Maymont Mansion: Richmond’s Gilded Age Treasure

Maymont is a Victorian estate and public park created by Richmond lawyer and philanthropist James H. Dooley and his wife Sallie between 1890 and 1893. Like Ashville, North Carolina’s larger Biltmore House, Maymony featured electricity, central heat, plumbing, indoor bathrooms, and expansive, well-kept grounds. Maymont also includes an indoor/outsoor nature center featuring wildlife associated with the James River. When the Dooleys died, the estate was left to the City of Richmond.

We enjoyed our visit to Maymond last week. It was an oasis of calm in a busy city. The main floor and upper floors of the mansion are seen via a guided tour. The basement, which contains kitchens, laundry, and servant’s quarters, has a self-guided tour. Our rental car didn’t have a GPS system. Without one, finding Maymont was a bit tricky. It was easy to get near the estate by driving west on Meadow. Signs directed one in Maymont’s general direction, but in following them we ended up in a labyrinth of neighborhood and public park roads, many of which had no street signs, with no additional Maymont signs suggesting when or where to turn.

“During the Gilded Age of the late 1880s through the 1910s—the era of Carnegie, Rockefeller and Vanderbilt —millionaires demonstrated their prosperity through their elaborate homes. Richmond-born financier James Dooley was among this new class in American society. His home, Maymont, stands today as a remarkably complete expression of Gilded Age luxury and opulence.” – Maymont website.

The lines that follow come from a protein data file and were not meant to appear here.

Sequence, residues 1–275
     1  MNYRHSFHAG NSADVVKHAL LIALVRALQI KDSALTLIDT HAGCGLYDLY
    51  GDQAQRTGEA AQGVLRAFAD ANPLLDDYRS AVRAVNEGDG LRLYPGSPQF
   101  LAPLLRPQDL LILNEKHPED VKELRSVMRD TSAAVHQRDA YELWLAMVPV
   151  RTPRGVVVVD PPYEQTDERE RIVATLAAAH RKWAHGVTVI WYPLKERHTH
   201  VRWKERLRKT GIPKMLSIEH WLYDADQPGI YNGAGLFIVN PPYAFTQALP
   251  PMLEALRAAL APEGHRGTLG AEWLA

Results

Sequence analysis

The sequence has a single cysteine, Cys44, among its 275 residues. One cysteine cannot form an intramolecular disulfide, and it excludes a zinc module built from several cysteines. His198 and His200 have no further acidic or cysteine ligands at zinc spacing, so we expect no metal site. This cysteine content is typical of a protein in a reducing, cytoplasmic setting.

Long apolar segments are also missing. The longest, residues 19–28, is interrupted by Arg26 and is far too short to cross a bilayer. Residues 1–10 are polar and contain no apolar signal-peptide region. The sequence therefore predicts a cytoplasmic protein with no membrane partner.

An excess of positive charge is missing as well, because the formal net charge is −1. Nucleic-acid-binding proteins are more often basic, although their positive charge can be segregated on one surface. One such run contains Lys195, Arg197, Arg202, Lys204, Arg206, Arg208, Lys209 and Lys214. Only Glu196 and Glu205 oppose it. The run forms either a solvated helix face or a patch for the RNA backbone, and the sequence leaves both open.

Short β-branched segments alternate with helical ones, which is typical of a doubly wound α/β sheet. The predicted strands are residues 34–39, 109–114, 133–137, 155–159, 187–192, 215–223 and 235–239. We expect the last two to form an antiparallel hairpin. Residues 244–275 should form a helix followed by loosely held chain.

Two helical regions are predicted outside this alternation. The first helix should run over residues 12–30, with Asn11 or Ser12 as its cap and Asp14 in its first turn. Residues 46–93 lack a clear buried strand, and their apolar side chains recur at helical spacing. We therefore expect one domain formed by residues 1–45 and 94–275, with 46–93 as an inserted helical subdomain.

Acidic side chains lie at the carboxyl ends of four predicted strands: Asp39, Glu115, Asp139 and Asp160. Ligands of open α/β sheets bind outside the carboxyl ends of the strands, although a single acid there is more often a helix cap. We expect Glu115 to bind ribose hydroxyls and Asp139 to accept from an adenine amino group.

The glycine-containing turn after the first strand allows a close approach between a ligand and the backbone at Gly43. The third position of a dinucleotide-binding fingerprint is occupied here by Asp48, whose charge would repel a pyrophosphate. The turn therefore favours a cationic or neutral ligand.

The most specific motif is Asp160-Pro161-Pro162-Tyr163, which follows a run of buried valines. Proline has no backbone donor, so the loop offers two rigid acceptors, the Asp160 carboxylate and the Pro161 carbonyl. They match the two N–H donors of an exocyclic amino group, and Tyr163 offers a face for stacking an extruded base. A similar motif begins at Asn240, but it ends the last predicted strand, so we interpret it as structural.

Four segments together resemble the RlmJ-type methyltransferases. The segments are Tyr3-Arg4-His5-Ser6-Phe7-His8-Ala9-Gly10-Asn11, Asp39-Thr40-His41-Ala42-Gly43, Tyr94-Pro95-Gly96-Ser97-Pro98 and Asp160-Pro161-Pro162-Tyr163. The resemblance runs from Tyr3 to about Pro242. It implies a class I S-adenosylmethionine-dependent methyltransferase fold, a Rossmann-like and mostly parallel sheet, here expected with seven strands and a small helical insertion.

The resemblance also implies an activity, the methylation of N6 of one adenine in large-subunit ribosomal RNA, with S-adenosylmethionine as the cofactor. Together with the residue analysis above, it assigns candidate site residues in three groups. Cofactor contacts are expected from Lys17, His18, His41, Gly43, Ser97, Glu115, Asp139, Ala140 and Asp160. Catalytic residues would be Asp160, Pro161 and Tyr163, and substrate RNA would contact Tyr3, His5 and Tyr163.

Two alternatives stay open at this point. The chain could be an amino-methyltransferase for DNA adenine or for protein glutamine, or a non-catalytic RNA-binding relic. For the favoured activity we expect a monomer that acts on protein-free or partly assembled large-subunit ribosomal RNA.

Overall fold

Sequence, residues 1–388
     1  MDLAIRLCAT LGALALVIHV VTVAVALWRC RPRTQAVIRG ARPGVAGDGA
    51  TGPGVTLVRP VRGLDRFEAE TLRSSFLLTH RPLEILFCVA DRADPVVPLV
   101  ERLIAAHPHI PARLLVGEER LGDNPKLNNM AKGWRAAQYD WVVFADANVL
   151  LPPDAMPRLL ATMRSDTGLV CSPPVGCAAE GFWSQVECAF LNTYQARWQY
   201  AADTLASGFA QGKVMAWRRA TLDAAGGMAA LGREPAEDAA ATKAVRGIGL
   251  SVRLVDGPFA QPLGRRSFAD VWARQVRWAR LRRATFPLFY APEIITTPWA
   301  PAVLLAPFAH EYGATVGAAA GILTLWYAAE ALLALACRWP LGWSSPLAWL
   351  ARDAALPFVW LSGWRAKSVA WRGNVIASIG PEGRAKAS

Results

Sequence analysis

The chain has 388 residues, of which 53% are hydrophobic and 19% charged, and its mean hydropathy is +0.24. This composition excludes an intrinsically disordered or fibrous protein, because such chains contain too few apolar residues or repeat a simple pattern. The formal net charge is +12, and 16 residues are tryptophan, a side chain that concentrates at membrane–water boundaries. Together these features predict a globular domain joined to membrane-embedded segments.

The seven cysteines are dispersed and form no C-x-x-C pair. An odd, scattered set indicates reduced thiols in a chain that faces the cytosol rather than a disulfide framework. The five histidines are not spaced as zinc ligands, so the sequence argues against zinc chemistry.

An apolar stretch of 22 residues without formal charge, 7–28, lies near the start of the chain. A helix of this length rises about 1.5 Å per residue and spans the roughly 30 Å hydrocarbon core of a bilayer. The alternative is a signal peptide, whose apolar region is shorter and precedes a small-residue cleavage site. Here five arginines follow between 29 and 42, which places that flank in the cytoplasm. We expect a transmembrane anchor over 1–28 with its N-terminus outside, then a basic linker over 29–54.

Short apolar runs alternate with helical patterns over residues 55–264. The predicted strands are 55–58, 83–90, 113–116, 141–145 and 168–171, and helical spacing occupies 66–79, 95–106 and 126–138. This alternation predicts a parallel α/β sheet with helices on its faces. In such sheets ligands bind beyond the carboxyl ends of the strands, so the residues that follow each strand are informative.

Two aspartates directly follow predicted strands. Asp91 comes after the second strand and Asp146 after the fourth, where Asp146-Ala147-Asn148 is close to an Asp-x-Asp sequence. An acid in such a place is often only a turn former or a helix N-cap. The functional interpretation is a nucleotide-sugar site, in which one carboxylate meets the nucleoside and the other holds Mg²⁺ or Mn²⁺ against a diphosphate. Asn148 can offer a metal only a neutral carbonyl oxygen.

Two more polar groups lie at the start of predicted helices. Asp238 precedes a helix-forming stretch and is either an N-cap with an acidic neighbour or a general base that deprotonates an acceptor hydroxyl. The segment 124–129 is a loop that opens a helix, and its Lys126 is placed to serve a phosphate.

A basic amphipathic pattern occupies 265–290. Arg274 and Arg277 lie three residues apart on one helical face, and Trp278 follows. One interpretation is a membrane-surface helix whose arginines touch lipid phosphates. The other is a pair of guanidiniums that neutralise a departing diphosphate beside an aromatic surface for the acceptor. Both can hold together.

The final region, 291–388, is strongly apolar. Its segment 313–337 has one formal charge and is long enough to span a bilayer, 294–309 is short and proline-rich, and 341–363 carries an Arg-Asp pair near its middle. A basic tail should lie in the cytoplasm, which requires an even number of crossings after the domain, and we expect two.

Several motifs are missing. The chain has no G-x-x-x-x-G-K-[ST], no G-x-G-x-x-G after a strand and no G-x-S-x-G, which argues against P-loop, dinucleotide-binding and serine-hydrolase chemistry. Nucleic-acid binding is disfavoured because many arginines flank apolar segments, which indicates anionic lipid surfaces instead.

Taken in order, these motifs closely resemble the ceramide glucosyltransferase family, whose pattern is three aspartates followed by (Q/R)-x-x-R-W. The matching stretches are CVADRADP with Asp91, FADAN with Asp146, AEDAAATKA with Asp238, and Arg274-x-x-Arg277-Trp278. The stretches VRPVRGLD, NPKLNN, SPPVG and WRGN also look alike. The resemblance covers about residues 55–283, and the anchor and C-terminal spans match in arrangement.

Once there, be prepared to walk from the front gate to the house and out buildings. From the lawn chairs, blankets and picnic baskets, it appears that many locals visit the estate as a place to get away from it all.

“Whether strolling through the gardens, touring the mansion, watching river otters play, petting a goat or picnicking on the lawn, Maymont is a gift of 100 acres given for all to enjoy.”

Japanese Garden – Wikipedia photo. The other photographs in this post are by Malcolm R. Campbell.

On TripAdvisor, Maymont has 1,458 reviews with an overal average of 4.5 out of 5 stars. Comments on the site today include “Maymont is gorgeous and is situated on historic grounds. It is family friendly and its animal farm is terrific for kids and adults. The Japanese gardens are beautiful and the coy pond is always clean and spectacular. My children (now grown) have taken me to Maymont for the past 23 years for Fathers day and we’re still going” from John and “I’ve been visiting care since I was a little girl. And now we bring our kids here. The estate is sprawling and gorgeous. And one of my favorite parts is there’s no admission. That means that you can pay what you were able to. This makes it accessible for the whole community.  There are so many storybook picture-perfect views: looking down the cascade waterfall in the Italian garden, underneath the enormous trees near the carriage house, crossing the stepping stones in the Japanese gardens, the stream near the foxes… always something new to discover and so much room for the kids to really stretch their legs, play and explore. We hope to visit for generations to come!” from Orexi.